Before The Metaverse: Sega’s Forgotten, Never-Released VR Headset – Paste Magazine
From films like The Lawnmower Man to Virtuosity — and all the Johnny Mnemonics in between — pop culture really made it feel like we were just one breakthrough away from plugging into virtual reality back in the 1990s. The actual technology available, however, proved otherwise.
But if video game company Sega had its way all those decades ago, we all might’ve been rocking a sci-fi headset a full 25 years or so before modern-day players like Oculus and PlayStation VR started bringing virtual reality closer to the mainstream. The technology may have still been a long way off, but that didn’t stop companies like Sega from grasping for that ethereal virtual world all those years back.
Riding high on the breakthrough success of the Genesis, Sega was keen to take its love of never-ending accessories and add-ons into the realm of virtual reality. They also wanted to do it at an affordable price point, teasing the VR rig would retail for a mere $200. Was it way too ambitious way too early? No doubt. Did it turn out to be little more than vaporware, only shown off at a handful of trade shows and conventions in private demos? Well, yeah.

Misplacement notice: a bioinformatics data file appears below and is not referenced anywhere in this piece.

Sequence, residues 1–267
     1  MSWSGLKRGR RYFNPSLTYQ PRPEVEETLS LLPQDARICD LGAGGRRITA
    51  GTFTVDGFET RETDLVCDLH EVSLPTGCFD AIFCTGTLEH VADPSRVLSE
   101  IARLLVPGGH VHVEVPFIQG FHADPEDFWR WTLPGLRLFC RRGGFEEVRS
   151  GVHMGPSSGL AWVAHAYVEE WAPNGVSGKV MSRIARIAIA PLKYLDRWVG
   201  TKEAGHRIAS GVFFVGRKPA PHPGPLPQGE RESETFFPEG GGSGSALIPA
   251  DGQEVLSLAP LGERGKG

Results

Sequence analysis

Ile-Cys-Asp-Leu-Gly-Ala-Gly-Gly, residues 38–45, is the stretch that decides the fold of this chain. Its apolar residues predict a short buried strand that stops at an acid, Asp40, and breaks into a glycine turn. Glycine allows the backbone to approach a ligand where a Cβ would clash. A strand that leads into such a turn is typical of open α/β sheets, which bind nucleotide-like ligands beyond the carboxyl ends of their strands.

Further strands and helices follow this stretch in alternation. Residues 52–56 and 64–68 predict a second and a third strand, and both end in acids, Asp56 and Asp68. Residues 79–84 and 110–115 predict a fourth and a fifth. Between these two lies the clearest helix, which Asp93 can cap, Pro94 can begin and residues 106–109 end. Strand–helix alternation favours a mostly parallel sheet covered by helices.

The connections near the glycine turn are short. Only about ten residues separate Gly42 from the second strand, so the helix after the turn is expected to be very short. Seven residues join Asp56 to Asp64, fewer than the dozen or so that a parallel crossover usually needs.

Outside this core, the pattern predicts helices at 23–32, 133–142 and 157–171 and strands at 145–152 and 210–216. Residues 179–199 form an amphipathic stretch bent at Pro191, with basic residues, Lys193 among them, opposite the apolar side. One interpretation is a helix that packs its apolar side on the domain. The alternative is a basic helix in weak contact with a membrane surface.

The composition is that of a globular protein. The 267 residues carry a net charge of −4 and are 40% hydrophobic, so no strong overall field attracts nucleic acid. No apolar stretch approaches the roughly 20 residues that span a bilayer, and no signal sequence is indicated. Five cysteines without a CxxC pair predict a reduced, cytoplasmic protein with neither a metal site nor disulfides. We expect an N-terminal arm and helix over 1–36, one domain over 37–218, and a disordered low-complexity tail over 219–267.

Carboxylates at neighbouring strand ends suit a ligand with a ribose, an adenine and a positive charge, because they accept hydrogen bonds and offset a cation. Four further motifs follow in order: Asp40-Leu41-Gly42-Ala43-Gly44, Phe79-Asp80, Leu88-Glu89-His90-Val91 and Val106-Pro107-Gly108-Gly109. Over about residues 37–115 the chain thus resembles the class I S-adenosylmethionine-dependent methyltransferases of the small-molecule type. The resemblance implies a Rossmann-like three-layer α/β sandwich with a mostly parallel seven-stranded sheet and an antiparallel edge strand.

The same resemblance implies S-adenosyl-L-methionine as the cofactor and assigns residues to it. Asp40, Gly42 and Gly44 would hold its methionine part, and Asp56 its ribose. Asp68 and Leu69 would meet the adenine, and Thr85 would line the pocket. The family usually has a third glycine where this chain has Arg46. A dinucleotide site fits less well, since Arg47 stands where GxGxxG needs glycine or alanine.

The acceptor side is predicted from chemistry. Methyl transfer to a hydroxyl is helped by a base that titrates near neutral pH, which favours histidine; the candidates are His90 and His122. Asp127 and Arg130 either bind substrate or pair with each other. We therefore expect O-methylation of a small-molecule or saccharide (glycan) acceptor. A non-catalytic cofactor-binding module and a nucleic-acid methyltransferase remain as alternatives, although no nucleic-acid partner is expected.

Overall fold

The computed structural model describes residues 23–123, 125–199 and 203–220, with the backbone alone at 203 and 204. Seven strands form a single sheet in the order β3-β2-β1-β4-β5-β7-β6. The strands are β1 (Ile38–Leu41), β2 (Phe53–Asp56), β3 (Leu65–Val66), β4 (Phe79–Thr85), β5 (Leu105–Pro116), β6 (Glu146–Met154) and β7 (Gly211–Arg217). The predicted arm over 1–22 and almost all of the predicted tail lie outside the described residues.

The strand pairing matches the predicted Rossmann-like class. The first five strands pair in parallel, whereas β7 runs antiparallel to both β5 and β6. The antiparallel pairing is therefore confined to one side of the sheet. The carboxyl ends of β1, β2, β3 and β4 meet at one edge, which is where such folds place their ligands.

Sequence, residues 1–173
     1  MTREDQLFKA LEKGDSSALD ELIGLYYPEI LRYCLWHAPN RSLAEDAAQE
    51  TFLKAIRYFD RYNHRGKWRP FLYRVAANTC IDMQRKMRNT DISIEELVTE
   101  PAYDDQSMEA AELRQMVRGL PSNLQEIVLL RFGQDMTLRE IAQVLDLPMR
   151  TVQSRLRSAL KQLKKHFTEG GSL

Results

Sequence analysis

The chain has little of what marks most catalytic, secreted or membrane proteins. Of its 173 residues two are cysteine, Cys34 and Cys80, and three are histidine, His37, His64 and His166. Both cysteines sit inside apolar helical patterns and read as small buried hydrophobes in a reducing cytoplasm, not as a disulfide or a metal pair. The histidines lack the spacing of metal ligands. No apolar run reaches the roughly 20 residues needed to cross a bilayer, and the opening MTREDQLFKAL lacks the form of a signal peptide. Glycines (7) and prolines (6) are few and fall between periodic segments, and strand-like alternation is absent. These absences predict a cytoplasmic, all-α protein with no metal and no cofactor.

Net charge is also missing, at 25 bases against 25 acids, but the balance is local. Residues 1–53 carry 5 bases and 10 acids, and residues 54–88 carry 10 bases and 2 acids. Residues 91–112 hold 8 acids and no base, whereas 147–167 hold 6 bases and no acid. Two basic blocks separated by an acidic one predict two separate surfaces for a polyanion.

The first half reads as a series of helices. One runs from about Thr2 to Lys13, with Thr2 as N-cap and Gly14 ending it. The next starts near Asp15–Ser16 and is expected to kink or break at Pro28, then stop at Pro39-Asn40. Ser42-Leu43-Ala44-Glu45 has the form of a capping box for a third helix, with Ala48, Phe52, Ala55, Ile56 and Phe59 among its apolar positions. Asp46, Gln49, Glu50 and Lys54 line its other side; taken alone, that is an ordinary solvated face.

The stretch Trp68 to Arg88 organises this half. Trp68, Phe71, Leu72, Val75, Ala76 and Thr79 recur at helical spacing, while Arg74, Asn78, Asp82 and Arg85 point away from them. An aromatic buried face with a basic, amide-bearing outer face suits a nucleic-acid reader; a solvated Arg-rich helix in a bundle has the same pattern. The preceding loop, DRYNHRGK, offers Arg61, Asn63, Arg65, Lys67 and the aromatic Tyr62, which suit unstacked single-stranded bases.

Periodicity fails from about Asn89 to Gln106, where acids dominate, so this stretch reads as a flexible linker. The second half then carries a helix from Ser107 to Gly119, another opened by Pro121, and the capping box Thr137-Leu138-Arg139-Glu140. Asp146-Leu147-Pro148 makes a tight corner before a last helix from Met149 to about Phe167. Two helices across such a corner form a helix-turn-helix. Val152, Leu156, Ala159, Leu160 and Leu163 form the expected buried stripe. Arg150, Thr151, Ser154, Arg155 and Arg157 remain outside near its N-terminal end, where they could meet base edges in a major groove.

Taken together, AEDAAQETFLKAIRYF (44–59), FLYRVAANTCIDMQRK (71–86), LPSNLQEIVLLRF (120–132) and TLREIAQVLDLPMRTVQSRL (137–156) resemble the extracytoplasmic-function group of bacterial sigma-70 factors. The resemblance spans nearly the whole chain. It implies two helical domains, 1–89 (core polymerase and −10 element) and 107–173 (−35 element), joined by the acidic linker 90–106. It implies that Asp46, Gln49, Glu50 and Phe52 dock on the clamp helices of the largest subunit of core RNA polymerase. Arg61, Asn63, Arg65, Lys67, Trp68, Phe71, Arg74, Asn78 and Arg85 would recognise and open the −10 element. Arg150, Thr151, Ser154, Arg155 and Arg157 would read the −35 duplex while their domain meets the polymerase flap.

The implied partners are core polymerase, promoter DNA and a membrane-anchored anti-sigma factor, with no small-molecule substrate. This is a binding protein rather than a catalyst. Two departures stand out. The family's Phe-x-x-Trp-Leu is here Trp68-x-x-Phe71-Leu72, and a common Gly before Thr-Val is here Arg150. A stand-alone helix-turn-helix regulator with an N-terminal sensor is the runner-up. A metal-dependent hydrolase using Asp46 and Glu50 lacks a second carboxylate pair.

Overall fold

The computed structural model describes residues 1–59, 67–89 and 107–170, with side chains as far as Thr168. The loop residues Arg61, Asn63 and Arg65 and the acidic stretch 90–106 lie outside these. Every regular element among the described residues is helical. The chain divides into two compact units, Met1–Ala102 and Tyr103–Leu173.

But did it also actually kind of work? Indeed, it did.
Back in 1991, Sega was looking to leverage the Genesis’ success and position the hit 16-bit console as the at-home solution to the virtual reality problem we didn’t know we had. SEGA of America spearheaded the project. SEGA’s American and Japanese divisions often pursued parallel projects, with Sega of Japan developing the expensive VR-1 rig that was used as a centerpiece showcase at SegaWorld locations in the late 1990s and early-2000s. But at its core the bare bones of the Sega VR tech weren’t all that different from the ideas that power modern-day virtual headsets, just with a few rudimentary tweaks.
The key piece of tech that made the Sega VR possible came from a relatively small company called One-Sendai, which pitched a much cheaper solution to the head-tracking problem that is critical to making virtual reality actually feel virtual. According to Design News, the One-Sendai tech Sega licensed utilized an azimuthal sensor that responded to the Earth’s magnetic field to determine orientation. A photodetector with a small sphere filled with liquid and gas was monitored with LED and light sensors, tracking the intensity of the LED light as it hit the sphere, which would change as the sphere was tilted.
That tech was cheap to produce and, at a basic level, functioned conceptually well enough to read the movement of a user’s head to adjust the image on the two internal LED screens, creating the illusion of 3D movement. Compared to modern virtual reality tech, which is a mix of cameras and sensors mounted within the headset, the Sega VR solution was low-cost, elegant and almost good enough — at least for the 16-bit era.
Sega developed its VR rig from 1991 until 1993, and the peripheral started showing up for private demos at trade shows, including the Consumer Electronics Show, that same year, with the company laying out plans for a 1994 wide release that would never come. The Sega VR also showed up in plenty of video game magazines and marketing material at the time.
Early reporting at the time noted the system …….
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